Good puzzle [JM]

This one gave me some trouble – hence the later than usual entry. The squares on levels 3 and 5 were not hollowed out on the printed calendar [HB]

What an intriguing puzzle! I was flummoxed for a while by the Easter Egg instructions, but got there in the end. Thanks to all involved in constructing it. [SW]


A perfect theme for a crossword! Entertaining as ever. [JN]

Lacking confidence in answers to days 2 (wordplay), 13 (wordplay) and 29 (definition) I have been waiting for Hints & Tips but none arrived so will take the plunge! Very intricately planned, so admirable but a little over-convoluted for me, although I think I have worked out what the instructions regarding ‘hollowed-out squares’ mean! Many thanks. [EF]

Clever, liked the eggs which helped confirm answers too. 👍 [DM]

A very satisfying puzzle, challenging yet accessible and with an interesting twist. [JB]

We’ve just been to see “A Splinter of Ice” – a play about Graham Greene meeting Kim Philby in Moscow in 1987, so this was right up our street. We enjoyed all the cloak-and-dagger stuff! Oops! Time spent in Oman means I automatically spell baisa with an s! And I’m clearly asleep – putting amend instead of emend! [N&SI]

Great puzzle – really enjoyed solving the clues and working out the two takes on the theme. Didn’t get the Burgess/Maclean version til the end – not sure why it took so long. Thanks to all involved. [BS]

A fascinating puzzle reminding us of past history, though I did get distracted looking for Orson Welles…. Loved the Frank Paul cartoon of “T Hird”! But it was quite tricky to work out how to fit the “Easter Egg” words into the grid, And there were some really tricky clues, for which I was glad of the hints. [SB]

I found it interesting putting in the answers. My master sat up and finished it about 2.30 one morning. A good comment. [RG]

Great fun! Clever & tricky clues but always fair. ‘Best friend’ invoked the good kind of eye-roll. And a nice theme once the penny finally dropped! [JG]

Liked the theme and the way the related words (BURGESS, MACLEAN, GREENE, REED) were scattered throughout. Had to read the rubric multiple times about the ‘ ‘hollowed-out dark squares’ – that part was tbh almost incomprehensible. However once the grid was filled it was easy enough to work out the easter eggs. About the crossword overall – it was a fair level of difficultly and some very enjoyable clues (PEKE, RIOJA, GALLEON, JAVA all got a tick from me). There were also some that tbh I found difficult to like and in some cases to parse. *e.g. CLYPE, FACETS, ICE BAG, SONNY, MISDID (assuming I got that right !). MURIATE and BAISA — I had to use Chambers anagram helper and Wikipedia respectively – just couldn’t get those from wordplay alone. So, a mixed bag from me, but a positive experience overal. Thanks to Vlad, Gin and Frank Paul (I had to back associate to realise the arrow was point to T HIRD – got there in the end ). Cheers 3D Crossword team for all the effort you put in – despite my cavils above, this is a great experience every month! [ES]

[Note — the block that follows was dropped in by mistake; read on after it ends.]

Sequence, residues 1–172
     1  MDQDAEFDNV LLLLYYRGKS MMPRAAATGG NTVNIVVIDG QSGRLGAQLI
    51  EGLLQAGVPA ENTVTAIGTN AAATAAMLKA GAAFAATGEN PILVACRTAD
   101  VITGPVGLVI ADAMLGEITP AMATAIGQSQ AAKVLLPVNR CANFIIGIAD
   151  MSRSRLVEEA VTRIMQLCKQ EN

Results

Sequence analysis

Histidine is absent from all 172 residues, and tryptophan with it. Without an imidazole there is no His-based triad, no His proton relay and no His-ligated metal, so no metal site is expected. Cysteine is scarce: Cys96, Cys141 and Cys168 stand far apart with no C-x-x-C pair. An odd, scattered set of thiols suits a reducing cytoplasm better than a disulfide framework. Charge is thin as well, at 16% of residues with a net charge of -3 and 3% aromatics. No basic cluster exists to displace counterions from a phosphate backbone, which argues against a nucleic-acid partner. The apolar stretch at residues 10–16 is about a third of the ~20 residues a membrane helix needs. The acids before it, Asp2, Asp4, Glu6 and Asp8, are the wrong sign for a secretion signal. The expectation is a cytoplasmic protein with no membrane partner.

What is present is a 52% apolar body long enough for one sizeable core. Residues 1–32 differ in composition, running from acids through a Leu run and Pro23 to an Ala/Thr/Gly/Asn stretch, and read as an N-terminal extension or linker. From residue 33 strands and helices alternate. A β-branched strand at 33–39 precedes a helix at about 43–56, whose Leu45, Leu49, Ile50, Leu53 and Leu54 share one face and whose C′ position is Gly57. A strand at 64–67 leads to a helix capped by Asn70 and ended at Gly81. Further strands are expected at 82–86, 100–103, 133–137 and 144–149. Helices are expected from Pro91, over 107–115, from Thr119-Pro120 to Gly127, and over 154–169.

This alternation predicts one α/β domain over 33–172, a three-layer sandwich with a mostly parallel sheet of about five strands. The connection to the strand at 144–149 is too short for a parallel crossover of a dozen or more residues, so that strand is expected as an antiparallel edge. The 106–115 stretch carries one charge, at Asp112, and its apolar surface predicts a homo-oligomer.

All good fun – all very cloak-and-dagger! And an interesting device at the end, to tease out the last bits of thematic material – thinking INSIDE the box… [MC]

This one took a few passes before we got enough answers to make a proper go of it – making it all the more satisfying to finally complete it. An interesting topic for a theme – while we’d heard of the group, we’d not remembered the names of the individuals. Thankfully the clues were ultimately doable even without that knowledge, which was much appreciated. We had a great time with this, thanks! [AH]

I don’t often finish Vlad in the Guardian, so it was good to get to the end of this one, albeit only after waiting for the hints and tips to confirm a couple of uncertainties. Wasn’t sure I was going to make sense of the rubric but my what a clever grid that was. [PA]

Great puzzle! [MD]

3 thoughts on “3D Crossword Solution – July 2021

  1. I was puzzled as to why I got the message to say one of my answers was wrong. I double checked them all. So I was not happy to discover that Day 2 gives the answer “BAIZA”. I had put BAISA which is given as a correct spelling for Omani currency, when I looked it up.. This fitted “BIS A+A”. As I seemed to have found the correct answer, it did not occur to me that “BIS” might be spelt with a “Z” – so a bit unfair, I feel!

    1. Me too @sheila brain

      On the other hand, Setter will proibably say

      ‘biz’ is a synonym for business whereas ‘bis’ is not.

      Not a great clue either way IMO, though there were plenty of gems and maybe the best overall theme of the year to date.

  2. @Epeesharkey is correct that the wordplay forces the Z since BIZ is an accepted slang word for business, but BIS is not.

    The reason that the spelling BAIZA is used in this puzzle rather than BAISA is that BAIZA is the only spelling recognised by Chambers (and also the ODE). This is rather unfortunate since the spelling used on Omani banknotes is BAISA. Collins Online lists both spellings.

    I tried to address this issue in the Hints & Tips for July 2021.